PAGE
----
In late April, Massachusetts Representative Barney Frank introduced a bill to eliminate stock options for executives and directors. Frank's "Executive Stock Option Profit Recapture Act (H.R. 4208)" would achieve this result indirectly by limiting gains on the exercise of options to the lesser of (1) the gain realized on the date of exercise or (2) if the company's stock price declines by a "material amount" within one year following exercise, the gain that would have been realized if the option had been exercised at the end of that one year period.
Self-Interest Drives Companies to Insure the Uninsured By Ian 5/19 5:28pm EDT
A group of Fortune 500 corporations are getting together to offer health insurance to their non-full time workers. What I find most interesting about the move is that it appears to be a direct reaction to the long-term externalities of an uninsured populace: the shifting of costs from the uninsured to the insured.
Fashion Houses Designing Around Hot Tech Toy By The Kid From Kyoto 5/17 6:56pm EDT
Lagerfeld and Fendi have just put out an iPod case that's more like a suitcase. The bag is designed to carry--get this!--12 iPods! Why? Well, naturally, because 40 gigabytes of mp3 files is nothing--YOUHEAR ME--NOTHING! Everyone in the know has got to have on their person or nearby at least!--um ... let's see ... 12 x 40 GB ... um ... at least a whopping 480 GIGABYTES of music! That's an estimated 120,000 tunes.
Those Liars! Nobody Really Knows Where Stocks Will Go By Mark Cuban 5/13 4:43pm EDT
I mean look at the concept of price targets. Someone, analyst, mutual fund manager, whoever will come on and say, “I have a price target for this stock of XXX — which is up 30pct from here.” I see it getting there over the next 6 months. Yeah right. Why can’t we just admit they are pitching a stock and treat it like a trinket on QVC. Wouldn’t it be far more entertaining and honest if while the pitchman touted the product, they put up a Quantity Sold and an interview countdown?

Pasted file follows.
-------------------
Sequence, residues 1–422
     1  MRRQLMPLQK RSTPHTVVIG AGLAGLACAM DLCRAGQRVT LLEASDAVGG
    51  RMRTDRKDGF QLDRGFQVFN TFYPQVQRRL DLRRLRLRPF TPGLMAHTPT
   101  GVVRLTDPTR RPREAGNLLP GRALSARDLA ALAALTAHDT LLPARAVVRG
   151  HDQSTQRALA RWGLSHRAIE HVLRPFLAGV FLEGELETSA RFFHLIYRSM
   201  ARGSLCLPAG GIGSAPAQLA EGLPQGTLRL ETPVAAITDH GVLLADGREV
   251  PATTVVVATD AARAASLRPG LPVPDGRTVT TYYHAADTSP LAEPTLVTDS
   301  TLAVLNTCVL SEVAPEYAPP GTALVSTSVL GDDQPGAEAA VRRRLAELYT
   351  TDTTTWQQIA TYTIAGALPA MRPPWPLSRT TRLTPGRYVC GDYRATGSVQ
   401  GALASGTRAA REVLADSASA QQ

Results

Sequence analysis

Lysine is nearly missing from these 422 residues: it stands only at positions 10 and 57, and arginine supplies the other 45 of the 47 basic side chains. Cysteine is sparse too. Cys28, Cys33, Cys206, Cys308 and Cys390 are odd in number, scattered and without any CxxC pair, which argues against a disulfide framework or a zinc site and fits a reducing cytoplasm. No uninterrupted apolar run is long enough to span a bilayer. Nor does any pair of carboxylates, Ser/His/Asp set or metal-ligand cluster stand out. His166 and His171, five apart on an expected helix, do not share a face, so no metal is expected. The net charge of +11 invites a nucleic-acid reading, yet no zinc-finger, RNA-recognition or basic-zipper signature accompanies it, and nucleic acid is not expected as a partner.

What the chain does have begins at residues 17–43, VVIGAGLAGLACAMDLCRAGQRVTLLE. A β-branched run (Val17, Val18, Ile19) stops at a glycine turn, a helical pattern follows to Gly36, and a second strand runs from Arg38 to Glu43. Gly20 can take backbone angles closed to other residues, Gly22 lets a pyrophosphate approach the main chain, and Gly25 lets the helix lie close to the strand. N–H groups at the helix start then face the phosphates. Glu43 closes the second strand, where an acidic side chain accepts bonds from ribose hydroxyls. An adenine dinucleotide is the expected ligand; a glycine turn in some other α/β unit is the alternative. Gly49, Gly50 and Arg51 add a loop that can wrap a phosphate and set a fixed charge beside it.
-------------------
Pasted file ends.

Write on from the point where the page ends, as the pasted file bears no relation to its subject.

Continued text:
| U.S. Manufacturing Sector is Firing on all Cylinders By James Picerno 6/3 6:19pm EDT
The economy's pessimists have yet another reason to keep a low profile with yesterday's news that a measure of U.S. manufacturing rose for the 12th consecutive month in May, reports the Institute for Supply Management. Manufacturing employment also posted solid growth in May, rising for the seventh straight month, ISM notes. Economists were generally surprised by the bullish report. Indeed, taking an historical view, May's ISM index was near a 20-year high.
Drop in Consumer Sentiment Data Disturbing By The Counterrevolutionary 5/16 8:07pm EDT
With the American consumer getting “tired”, to continue our recovery businesses must begin to spend. And consumer sentiment and business sentiment are related. Business owners must produce goods in the amount that they believe the marketplace can absorb. They use measures of consumer sentiment to gauge future demand. And if the consumer acts gloomy, the businesses will not spend. Without new business spending we are in danger of relapsing into recession.